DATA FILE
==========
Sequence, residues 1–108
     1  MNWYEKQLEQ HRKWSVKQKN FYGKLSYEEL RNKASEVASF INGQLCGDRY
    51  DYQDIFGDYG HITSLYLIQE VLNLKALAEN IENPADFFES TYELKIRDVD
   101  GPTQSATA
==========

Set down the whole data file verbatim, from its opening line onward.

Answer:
Sequence, residues 1–108
     1  MNWYEKQLEQ HRKWSVKQKN FYGKLSYEEL RNKASEVASF INGQLCGDRY
    51  DYQDIFGDYG HITSLYLIQE VLNLKALAEN IENPADFFES TYELKIRDVD
   101  GPTQSATA